FUTURITY Metropolis Science Fiction Toolkit

Futurity's Metropolis Science Fiction Toolkit ($99) is a new collection of 16-bit, 44.1 kHz sound effects on audio CD. Upon listening to the first selection,

Futurity's Metropolis Science Fiction Toolkit ($99) is a new collection of 16-bit, 44.1 kHz sound effects on audio CD. Upon listening to the first selection, Metallic Whoosh/Long, I wondered if I was hearing Star Trek: Voyager, because this track would certainly fit well in that show.

Future SoundsAll of the CD's sounds are named for their sonic characteristics. For instance, Metallic Shimmer is a high-pitched, heavily processed effect that has a glistening quality. Similarly, two versions of Storm Release (again, heavily processed) sound like water racing through a large tube.

Futurity chose to cover considerable aural territory in a distinct and varied palette: deep harmonic booms, ethereal bell accents, flange/distortion sweeps, aggressive synth warbles, sirens, random holds, lasers, buzzes, screeches, bursts, hits, ambient pads, and much more. Many of the CD's 99 tracks include a few variations on a given effect, so in fact you get 188 sounds. The tracks range in duration from 1 second to 1 minute and 14 seconds; most tracks are short cues that are 1 to 5 seconds long. Many tracks do not have a definite pitch, and therefore they work best as effects. Some tracks do have a pitch and could be used as musical cues or washes.

I like the two Clean Ambient Wash tracks (one lasts 9 seconds, the other 19). Both have a rich, glossy ambience and a glassy vocal texture, not unlike the effect you hear when a person is beamed up in '90s Star Trek episodes. Both versions of Low Pulsing Ambience are striking for their resonant, eerie qualities; one offers a cool sample-and-hold element.

The three Noise Impact sounds on track 75 are very effective, as are the three Alert Siren cues. Metal Sweep Ambience sounds like a gargantuan, pulsing cymbal or gong and creates a broad, sustained backdrop. Low Voice Detuning is especially good-a long, deep, spooky effect with synth chords that drift in pitch.

Sci-Fi ToolsThe sound sources for the disc's effects include guitars, water, metal, and machines-such as a 1912 Pierce Arrow and a 1911 Stanley Steamer automobile-as well as a stationary multipurpose engine that was often used in agriculture in the early 20th century. These sound sources were recorded with a Crown SASS-P stereo PCM microphone into an HHB Portadat. On the lo-fi side of things, some old 12-bit Sequential Circuits Prophet-2000 samples were recorded with a Shure SM57 microphone and imported into Digidesign's Pro Tools.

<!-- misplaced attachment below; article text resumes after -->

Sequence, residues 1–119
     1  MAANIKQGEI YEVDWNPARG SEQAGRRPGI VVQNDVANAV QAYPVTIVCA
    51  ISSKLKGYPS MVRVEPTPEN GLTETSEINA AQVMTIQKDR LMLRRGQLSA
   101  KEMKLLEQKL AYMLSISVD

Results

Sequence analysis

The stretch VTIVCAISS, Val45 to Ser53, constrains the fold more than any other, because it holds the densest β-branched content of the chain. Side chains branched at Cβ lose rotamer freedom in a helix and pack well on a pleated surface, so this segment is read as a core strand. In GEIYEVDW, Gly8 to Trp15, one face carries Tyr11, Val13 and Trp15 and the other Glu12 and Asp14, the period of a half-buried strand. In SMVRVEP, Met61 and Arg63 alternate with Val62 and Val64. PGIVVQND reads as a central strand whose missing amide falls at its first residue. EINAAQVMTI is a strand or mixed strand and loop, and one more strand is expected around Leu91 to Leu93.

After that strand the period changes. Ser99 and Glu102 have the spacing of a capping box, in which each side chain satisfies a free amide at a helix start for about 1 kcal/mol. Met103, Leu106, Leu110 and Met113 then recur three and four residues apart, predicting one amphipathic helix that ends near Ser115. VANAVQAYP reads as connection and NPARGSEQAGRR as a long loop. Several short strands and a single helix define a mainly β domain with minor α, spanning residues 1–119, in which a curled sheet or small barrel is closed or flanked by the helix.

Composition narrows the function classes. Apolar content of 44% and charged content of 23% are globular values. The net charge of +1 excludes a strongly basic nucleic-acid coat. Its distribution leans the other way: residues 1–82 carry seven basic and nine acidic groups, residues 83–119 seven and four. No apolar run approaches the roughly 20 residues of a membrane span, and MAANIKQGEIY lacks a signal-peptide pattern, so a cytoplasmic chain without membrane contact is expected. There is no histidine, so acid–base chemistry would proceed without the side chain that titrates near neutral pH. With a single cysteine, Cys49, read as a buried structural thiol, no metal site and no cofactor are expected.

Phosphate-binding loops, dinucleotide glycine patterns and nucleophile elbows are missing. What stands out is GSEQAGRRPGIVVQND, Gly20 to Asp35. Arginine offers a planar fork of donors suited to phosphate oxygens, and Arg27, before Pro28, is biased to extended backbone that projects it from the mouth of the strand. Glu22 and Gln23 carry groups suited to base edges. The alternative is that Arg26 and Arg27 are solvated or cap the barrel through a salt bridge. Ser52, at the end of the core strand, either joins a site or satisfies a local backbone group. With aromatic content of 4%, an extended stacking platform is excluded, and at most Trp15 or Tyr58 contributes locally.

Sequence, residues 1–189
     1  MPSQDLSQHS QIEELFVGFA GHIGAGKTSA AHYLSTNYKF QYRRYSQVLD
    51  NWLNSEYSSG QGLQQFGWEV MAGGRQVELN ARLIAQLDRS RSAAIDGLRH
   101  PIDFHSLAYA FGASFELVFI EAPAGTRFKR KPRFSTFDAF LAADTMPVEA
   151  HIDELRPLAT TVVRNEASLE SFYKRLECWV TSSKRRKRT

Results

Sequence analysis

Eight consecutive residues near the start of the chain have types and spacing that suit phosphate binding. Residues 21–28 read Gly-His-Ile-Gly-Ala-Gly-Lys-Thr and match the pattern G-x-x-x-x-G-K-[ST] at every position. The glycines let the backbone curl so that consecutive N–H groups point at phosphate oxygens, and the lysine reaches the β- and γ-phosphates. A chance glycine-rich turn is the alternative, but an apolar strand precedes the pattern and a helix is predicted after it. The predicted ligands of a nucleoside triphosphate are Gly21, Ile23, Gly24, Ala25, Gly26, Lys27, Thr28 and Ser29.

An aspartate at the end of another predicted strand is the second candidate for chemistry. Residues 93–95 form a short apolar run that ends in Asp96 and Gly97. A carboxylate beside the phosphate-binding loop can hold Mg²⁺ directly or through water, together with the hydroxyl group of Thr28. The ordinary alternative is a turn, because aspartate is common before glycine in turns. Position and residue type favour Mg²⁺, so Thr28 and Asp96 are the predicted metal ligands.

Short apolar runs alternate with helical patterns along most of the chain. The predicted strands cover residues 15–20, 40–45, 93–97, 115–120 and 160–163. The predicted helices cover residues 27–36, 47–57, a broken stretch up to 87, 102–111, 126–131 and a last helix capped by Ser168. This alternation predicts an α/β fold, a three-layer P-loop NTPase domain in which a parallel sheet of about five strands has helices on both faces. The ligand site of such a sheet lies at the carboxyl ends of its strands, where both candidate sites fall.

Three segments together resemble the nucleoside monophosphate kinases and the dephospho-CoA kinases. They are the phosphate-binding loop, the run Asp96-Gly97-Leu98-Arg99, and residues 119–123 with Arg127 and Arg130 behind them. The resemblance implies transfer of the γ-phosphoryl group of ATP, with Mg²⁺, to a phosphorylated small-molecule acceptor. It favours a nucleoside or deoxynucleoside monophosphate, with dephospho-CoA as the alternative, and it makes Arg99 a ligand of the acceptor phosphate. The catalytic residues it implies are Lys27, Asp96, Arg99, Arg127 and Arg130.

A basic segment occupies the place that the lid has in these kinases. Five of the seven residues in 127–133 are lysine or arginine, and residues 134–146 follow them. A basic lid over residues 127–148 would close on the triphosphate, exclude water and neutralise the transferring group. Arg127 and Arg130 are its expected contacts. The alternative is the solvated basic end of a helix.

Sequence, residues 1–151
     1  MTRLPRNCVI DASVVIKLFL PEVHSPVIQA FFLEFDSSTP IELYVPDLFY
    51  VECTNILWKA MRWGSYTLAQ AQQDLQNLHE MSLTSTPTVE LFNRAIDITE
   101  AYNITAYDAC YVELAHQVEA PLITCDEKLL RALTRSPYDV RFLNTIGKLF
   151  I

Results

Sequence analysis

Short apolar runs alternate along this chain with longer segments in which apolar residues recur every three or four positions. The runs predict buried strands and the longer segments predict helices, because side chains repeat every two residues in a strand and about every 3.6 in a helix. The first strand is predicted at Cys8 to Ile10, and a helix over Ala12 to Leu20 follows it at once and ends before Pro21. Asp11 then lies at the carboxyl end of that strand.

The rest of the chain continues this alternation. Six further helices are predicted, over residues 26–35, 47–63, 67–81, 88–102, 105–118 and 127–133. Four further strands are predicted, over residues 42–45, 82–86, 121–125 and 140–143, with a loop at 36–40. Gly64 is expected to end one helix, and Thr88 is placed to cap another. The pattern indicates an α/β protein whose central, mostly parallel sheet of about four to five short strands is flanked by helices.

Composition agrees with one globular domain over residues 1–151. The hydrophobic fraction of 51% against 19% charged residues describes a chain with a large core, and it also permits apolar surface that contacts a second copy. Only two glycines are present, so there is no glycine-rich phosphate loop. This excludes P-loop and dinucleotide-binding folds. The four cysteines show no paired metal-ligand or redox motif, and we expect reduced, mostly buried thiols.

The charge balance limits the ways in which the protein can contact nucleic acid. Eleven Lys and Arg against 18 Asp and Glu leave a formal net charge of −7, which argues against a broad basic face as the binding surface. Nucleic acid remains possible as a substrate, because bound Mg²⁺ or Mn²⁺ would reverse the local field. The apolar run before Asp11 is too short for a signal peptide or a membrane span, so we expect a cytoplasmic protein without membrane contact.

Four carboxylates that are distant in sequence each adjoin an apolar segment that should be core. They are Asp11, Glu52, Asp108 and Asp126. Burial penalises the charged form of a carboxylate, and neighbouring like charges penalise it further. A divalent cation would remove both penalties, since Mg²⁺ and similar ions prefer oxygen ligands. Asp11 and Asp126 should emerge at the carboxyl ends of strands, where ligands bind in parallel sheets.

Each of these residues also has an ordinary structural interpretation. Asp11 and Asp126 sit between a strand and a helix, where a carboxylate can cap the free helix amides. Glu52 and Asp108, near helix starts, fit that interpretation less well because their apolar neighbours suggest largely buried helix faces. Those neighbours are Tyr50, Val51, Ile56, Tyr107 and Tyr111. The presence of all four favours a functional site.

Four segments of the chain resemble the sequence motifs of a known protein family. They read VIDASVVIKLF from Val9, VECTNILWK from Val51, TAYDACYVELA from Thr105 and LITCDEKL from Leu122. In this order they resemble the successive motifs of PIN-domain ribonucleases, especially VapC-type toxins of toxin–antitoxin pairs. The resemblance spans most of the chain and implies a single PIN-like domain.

The source sounds were processed with Eventide H3000 and Lexicon 480L and MPX 1 processors along with some Roland synth modules, a Prophet-5, and a variety of '70s and '80s stompboxes. Symbolic Sound's Kyma, Digidesign's Pro Tools/24 Mixplus, BIAS's SFX Machine, and Waves' TDM Bundle were also used. The effects are applied tastefully, but I would like to have additional versions with no reverb or extraneous processing so that I could apply my own.

Future ThoughtsThe documentation for Metropolis Science Fiction Toolkit is sparse. The effects are listed on the back of the jewel case by track number, description, and duration, and are continued inside the single-page front sleeve. Aside from company information, copyright warnings, and a few thank-you credits, that's all you get-but that's really all you need to make use of this disc.

The collection is on the expensive side-$99 is a little steep for an audio CD. Using Metropolis Science Fiction Toolkit with a sampler or importing its tracks into your DAW is more of a hassle than it would be if this were a CD-ROM. That notwithstanding, the sound effects here are all well crafted, and some are superb. All of them would work well as effects for sci-fi, horror, or action pieces.

Metropolis Science Fiction Toolkit's producers obtained the Kyma sound-design system toward the end of the CD's production, but they were unable to tell me specifically which sounds they used. I've never heard Kyma, but this program won an EM Editors' Choice Award (see "1998 Editors' Choice Awards" in the January 1998 issue of EM), and I'm told that it will be used extensively on Futurity's next disc.

You can hear sample selections from Metropolis Science Fiction Toolkit, as well as other products, on Futurity's Web site. If you need post-production sound effects for film or video, or if you like having esoteric sounds in your library, I recommend perusing these samples. You may just find the effects cues that you're looking for.

Overall EM Rating (1 through 5): 3.5